Day Eight of Q & A With the Candidates for State Rep
Next Tuesday, six Democrats will face off in the primary for the 8th Essex District State Representative seat. There are no Republicans or third-party candidates running. Barring a strong write-in candidate in November, the winner of the primary among the Democrats will be the new state representative for our district.
Marblehead Beacon sent each of the six candidates a questionnaire. On Monday, we began publishing their responses and published several lighter questions and answers later in the week. Today we offer another substantive question we posed to the candidates along with each of their answers. We will continue this pattern through the end of the week.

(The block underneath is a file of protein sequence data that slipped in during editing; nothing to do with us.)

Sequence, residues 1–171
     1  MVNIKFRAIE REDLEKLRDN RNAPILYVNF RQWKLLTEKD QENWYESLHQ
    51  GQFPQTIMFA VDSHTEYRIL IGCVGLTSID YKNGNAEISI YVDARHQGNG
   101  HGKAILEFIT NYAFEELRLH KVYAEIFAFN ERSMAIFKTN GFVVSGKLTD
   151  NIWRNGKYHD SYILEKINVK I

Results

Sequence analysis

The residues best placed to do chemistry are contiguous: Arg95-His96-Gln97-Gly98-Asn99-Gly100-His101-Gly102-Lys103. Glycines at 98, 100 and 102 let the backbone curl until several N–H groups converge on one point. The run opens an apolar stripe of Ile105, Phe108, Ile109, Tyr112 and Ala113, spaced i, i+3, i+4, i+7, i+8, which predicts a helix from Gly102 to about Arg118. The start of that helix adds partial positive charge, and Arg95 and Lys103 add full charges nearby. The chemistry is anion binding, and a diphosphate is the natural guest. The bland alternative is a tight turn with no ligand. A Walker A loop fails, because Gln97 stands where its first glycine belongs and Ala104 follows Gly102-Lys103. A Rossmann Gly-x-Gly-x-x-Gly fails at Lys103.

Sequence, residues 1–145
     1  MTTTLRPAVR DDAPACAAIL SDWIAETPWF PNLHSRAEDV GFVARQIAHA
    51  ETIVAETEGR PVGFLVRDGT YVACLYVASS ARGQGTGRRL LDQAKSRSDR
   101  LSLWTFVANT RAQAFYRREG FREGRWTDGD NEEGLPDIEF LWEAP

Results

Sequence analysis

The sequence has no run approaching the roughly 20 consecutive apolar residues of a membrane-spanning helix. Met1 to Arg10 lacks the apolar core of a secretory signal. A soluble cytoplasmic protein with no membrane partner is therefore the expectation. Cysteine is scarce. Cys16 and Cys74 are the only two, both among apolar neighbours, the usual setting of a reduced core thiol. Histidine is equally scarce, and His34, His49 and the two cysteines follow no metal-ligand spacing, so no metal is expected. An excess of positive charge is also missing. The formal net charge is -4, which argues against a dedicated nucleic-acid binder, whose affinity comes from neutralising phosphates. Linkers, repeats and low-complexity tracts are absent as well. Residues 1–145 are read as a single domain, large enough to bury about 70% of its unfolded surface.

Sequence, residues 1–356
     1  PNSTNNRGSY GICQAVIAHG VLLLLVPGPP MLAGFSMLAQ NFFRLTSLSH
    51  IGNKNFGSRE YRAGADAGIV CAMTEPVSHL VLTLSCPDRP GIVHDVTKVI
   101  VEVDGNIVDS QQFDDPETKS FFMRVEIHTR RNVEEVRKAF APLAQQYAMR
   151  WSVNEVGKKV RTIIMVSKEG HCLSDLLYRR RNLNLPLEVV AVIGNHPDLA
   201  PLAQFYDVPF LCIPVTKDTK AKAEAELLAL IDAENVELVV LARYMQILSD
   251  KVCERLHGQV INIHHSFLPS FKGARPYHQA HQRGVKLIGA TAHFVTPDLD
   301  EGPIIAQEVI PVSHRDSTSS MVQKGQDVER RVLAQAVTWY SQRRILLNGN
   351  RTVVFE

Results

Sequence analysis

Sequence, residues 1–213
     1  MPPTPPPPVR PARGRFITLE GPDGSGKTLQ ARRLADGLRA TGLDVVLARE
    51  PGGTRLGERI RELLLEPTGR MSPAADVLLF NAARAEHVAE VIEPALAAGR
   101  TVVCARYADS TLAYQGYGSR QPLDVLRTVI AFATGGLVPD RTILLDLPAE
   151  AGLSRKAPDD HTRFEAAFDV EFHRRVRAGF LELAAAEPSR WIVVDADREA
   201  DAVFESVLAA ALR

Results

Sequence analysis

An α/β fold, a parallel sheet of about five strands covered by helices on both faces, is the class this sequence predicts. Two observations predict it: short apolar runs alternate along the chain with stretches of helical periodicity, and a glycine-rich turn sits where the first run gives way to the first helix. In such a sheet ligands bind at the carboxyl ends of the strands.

Editor’s Note: After several emails and two phone calls, the only response we received from Tristan Smith's campaign was from a spokesperson who said the candidate might be too busy to complete the questionnaire. He was the only one of the six candidates who did not submit answers.
For Republicans and some Independents, the Democratic party’s platform frequently does not align with their belief about what is best for the Commonwealth. Democrats have had a supermajority in the State House for many years. Is there anything you would do to represent constituents who do not share your goals? Does having a single political party with unchecked power concern you, particularly if a Democrat is elected governor?